Rav Lipman Podolsky z"l
One of the characteristics of the American society in which I grew up was the constant craving to play practical jokes. Whether it was a pail of water over the door, a hand-buzzer, or simply a derisive nickname, a good laugh was had by all. By all, that is, except for the victim. Of course, he could not reveal his embarrassment. To do so would earn him the additional label of a poor sport. "Can't you take a joke? It's just a joke! Come on, where's your sense of humor?"
So the victim swallowed his humiliation while his self-esteem slowly eroded. Often, the victim, such a successful butt of practical jokes, is repeatedly targeted. He has no idea how to extricate himself from the incessant antics of his "friends", and so a vicious cycle ensues. Years later, his "friends" have long forgotten him. But he has been left scarred.
What is the Torah's opinion of so-called practical jokes? Are they truly as amusing as they seem?
"The righteous one flourishes like Tamar (Tehillim 92:13)." Indeed, Tamar was truly a paradigm of righteousness. Destined to mother the future Moshiach, Tamar was uniquely suited for her role. Her character shines forth like a rare gem.
But what was so special about her? A cursory reading of her tale leaves us bewildered. So many questions arise concerning her behavior. Although it is beyond the scope of this short article to address these issues in depth, it is our intent to focus on one very important aspect of Tamar's character.
When Yehuda was informed that Tamar had committed adultery, he immediately sentenced her to death. Tamar was dragged to the square for execution. Just before being burned at the stake, she took the three signs she had received from Yehuda and exhibited them before the public. "By the man to whom these belong I am with child... Identify, if you please, whose are this signet, this wrap, and this staff." Yehuda recognized his possessions and confessed. Now is not the time to discuss why it was permissible for Yehuda to have relations with Tamar. Rather, I would concentrate our attention on a different facet.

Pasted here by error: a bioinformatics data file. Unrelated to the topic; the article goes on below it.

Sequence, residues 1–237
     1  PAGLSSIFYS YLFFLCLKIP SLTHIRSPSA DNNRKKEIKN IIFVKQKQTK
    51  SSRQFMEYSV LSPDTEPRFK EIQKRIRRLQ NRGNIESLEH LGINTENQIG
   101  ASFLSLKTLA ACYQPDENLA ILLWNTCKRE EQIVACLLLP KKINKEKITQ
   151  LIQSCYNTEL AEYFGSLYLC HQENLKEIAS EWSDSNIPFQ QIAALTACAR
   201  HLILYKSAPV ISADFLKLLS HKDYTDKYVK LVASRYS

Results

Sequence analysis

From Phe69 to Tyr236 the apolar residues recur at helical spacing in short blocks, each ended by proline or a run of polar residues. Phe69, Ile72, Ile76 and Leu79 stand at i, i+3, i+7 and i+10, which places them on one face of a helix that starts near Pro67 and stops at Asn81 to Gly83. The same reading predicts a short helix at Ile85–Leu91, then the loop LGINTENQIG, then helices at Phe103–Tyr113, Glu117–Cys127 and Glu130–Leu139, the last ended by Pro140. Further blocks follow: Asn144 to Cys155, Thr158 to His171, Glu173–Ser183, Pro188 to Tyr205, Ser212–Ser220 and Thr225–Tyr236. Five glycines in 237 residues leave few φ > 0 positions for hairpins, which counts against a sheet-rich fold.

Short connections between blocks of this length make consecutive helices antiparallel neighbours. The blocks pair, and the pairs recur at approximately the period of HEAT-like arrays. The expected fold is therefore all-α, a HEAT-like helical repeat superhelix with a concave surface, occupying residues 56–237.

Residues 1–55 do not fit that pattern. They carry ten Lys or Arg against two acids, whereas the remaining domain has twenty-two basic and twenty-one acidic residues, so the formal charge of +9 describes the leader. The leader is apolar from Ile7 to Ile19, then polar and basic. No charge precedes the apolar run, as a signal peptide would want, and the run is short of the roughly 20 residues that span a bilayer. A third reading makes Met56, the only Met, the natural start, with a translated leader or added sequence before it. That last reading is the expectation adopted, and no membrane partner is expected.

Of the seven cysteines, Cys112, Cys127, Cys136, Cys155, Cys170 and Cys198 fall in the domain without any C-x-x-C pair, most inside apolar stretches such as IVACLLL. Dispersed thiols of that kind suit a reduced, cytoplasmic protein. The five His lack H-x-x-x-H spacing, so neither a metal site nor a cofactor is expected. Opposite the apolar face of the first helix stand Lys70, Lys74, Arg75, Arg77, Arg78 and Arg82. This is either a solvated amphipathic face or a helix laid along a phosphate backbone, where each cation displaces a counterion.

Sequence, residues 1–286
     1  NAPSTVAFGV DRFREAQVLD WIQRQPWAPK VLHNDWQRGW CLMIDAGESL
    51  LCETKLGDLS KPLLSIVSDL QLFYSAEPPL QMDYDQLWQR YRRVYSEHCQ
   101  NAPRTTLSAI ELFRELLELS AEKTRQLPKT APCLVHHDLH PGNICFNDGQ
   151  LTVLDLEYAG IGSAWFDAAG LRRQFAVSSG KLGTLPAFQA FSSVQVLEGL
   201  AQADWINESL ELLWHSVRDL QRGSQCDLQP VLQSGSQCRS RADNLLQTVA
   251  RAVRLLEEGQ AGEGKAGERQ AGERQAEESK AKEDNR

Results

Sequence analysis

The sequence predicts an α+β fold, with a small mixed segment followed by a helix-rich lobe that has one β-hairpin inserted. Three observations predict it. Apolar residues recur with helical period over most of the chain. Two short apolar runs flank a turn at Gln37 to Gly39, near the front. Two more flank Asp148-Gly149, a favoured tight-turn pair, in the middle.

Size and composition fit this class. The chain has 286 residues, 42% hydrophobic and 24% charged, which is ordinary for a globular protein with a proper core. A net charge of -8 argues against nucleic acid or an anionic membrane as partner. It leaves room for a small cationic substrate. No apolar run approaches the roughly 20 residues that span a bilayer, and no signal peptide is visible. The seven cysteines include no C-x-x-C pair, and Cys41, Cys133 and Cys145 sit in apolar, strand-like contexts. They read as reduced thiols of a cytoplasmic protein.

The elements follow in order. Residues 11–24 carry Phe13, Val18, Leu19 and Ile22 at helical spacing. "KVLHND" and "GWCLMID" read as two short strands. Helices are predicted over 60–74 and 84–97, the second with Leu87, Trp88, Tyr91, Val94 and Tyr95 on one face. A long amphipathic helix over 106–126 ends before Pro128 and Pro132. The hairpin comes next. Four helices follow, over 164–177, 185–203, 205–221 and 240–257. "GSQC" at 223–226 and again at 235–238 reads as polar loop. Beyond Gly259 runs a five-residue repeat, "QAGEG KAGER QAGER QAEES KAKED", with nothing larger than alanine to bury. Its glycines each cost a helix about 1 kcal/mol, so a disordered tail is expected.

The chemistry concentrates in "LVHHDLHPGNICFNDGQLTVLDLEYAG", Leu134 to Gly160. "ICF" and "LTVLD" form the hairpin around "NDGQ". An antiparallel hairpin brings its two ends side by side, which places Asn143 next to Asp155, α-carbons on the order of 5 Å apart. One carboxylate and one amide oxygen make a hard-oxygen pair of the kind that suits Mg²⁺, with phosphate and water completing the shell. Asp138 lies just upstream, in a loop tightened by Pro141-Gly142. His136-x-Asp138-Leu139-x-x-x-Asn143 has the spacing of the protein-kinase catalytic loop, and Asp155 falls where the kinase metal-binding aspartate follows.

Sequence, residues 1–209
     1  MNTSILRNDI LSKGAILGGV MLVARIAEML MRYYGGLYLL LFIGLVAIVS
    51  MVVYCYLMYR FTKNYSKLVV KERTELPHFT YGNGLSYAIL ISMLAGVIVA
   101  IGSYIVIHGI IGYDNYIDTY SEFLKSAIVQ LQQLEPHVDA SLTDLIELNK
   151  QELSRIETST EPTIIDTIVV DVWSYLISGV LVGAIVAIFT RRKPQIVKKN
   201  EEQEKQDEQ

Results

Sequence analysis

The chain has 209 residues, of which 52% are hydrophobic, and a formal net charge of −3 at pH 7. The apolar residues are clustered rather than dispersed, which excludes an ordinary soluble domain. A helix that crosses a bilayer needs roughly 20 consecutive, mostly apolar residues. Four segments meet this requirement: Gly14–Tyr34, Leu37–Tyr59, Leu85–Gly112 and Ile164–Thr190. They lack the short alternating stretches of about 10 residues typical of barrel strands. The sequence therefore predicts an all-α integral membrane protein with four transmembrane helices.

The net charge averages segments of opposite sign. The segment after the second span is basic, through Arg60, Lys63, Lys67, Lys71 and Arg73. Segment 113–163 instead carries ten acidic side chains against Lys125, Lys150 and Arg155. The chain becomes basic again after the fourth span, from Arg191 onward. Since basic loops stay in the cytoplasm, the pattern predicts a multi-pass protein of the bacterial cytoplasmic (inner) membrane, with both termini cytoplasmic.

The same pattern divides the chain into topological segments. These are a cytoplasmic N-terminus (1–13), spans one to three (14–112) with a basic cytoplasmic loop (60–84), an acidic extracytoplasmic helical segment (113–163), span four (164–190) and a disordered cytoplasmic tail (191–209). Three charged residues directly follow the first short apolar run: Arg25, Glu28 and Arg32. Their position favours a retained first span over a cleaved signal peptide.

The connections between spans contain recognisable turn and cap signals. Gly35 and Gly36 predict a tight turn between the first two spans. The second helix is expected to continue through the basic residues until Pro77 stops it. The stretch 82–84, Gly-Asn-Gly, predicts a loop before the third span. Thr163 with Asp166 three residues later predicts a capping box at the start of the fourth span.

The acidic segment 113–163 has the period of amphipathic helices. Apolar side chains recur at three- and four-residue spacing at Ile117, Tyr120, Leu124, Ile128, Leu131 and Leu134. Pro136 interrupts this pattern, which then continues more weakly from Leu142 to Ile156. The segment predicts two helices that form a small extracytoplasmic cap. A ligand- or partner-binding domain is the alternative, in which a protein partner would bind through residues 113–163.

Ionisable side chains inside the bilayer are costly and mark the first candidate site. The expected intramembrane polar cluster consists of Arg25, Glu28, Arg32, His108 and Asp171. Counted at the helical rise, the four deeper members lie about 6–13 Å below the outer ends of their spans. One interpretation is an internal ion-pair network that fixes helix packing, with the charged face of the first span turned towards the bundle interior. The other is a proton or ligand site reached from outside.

Note that Tamar did not reveal Yehuda's identity. Had Yehuda not confessed (normal human behavior given Yehuda's important political position and the extent of humiliation involved), Tamar would have been put to death as an adulteress, her reputation forever maligned. Why did she not accuse Yehuda directly? Why did she allow him the option of remaining silent, thus resigning herself to an ignominious death?
Our sages could conclude only the following: "It is preferable for a person to throw himself into a fiery furnace rather than to publicly humiliate his friend. From whom [do we derive this]? From Tamar...(Brachos 43b)" Read those words with the utmost scrutiny. Tamar taught us an unforgettable lesson. Public humiliation is akin to murder. Better to die rather than to murder.
Let us also realize that there are early authorities who take this teaching quite literally (Tosfos Sotah 10b; Shaarei Teshuva3:139). According to their opinion, this teaching is considered Halacha l'Maaseh, a practical Halacha for our times. And though there are dissenting opinions (Meiri Sotah 10b), it remains a bona fide halachic disagreement which requires a Sh'eilas Chacham to decide (See Minchas Shlomo I:7).
Now how do we feel about "practical jokes"? It's just a joke! Where's your sense of humor? Can't you take a joke? One person's joke is another person's death! In some ways it can lead to a lingering death, a death that repeats itself many times over throughout a lifetime of depression and dysfunction.
Times are precarious. We are on the threshold of something big. Now is the time to unite. To realize that we are all one. One body; one soul.